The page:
It’s been reported that teenagers under the age of 16 in Europe will not be able to use websites such as Facebook, SnapChat and Instagram without parental consent.
Officials within the European Union amended proposed data protection laws last week to increase the age of consent for websites to use personal data from 13 to 16.
The laws are due to be voted on tomorrow by the European parliament’s civil liberties, justice and home affairs committee.
If the legislation goes through, countries would have two years to implement the law. Not complying could cost up to 4% in fines for the biggest internet companies.
What does the proposed change in law mean?
Essentially, the law would mean that millions of teenagers under the age of 16 would have to seek permission from their parents when creating a social media account, downloading an app such as WhatsApp, or even just using search engines.
Currently, most major sites require that their users are aged over 13, but this isn’t really policed. By enforcing this new law, it would mean that websites would be in charge of policing their users’ age – something which will be very costly to implement.
The proposed law has already created plenty of outrage. Campaigners have argued that increasing the age of consent would actually make children more vulnerable – as it would severely limit the online opportunities and amount of information available to them.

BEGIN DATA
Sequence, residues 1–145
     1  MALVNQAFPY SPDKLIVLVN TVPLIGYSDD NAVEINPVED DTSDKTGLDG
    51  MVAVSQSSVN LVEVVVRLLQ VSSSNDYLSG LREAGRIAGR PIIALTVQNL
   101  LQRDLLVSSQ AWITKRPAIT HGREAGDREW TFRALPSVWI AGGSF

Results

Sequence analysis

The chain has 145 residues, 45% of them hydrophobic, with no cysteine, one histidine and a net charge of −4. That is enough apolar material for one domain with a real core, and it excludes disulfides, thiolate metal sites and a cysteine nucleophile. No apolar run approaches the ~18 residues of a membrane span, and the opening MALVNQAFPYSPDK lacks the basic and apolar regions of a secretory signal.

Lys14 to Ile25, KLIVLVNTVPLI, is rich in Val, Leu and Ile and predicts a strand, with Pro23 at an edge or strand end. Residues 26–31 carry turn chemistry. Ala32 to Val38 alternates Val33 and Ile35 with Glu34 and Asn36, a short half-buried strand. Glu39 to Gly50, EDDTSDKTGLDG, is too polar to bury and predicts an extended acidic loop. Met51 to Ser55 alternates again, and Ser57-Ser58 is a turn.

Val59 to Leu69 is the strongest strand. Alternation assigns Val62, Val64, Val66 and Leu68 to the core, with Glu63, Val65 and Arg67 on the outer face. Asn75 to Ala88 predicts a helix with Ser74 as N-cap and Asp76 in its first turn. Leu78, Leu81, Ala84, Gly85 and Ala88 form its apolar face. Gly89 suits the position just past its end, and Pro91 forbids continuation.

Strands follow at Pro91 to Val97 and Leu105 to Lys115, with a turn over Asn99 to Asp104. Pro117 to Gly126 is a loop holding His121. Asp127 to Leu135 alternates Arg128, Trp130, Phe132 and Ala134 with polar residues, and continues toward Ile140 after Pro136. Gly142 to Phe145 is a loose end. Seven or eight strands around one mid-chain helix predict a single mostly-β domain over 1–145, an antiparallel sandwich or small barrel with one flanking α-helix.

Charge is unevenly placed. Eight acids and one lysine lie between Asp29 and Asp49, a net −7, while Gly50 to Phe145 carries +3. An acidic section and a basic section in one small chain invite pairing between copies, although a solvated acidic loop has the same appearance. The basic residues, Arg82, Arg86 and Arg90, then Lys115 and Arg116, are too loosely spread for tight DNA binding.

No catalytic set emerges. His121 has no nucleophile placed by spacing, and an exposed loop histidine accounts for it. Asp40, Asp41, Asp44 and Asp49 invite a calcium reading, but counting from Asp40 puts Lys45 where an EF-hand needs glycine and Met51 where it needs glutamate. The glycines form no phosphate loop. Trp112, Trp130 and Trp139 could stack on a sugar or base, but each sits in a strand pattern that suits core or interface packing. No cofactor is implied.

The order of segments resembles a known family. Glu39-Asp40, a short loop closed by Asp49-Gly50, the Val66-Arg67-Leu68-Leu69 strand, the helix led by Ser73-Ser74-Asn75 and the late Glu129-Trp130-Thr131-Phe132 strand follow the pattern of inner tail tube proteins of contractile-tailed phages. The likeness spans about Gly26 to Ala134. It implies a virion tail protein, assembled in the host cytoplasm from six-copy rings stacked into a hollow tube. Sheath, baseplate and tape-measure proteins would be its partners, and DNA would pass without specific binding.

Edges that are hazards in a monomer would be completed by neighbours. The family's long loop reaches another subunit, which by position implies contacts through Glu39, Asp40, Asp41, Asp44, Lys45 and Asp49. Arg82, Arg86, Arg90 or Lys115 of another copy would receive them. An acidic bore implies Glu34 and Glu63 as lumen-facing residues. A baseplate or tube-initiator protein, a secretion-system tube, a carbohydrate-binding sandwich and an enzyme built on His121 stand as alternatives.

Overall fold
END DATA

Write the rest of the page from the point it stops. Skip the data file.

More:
It’s also been argued that because so many 13 – 15 year olds currently use these sites and apps, enforcing the new law would only incentivise those under 16 to lie about their age.
Protecting your teenager’s information online
The proposed laws have been in the works for four years and are in-line with a major overhaul of data protection in the EU.
It is important to know what information is and isn’t being saved about you online, and it’s especially important to educate young people on staying secure online.
Recently, we released a free downloadable guide to Managing Your Teenager’s Personal Information Online, which details how to educate children to use the internet responsibly and safely.
Whatever the decision made by the EU parliament tomorrow, young people need guidance on protecting their personal information online, to understand what data about them could be saved or passed onto a third-party.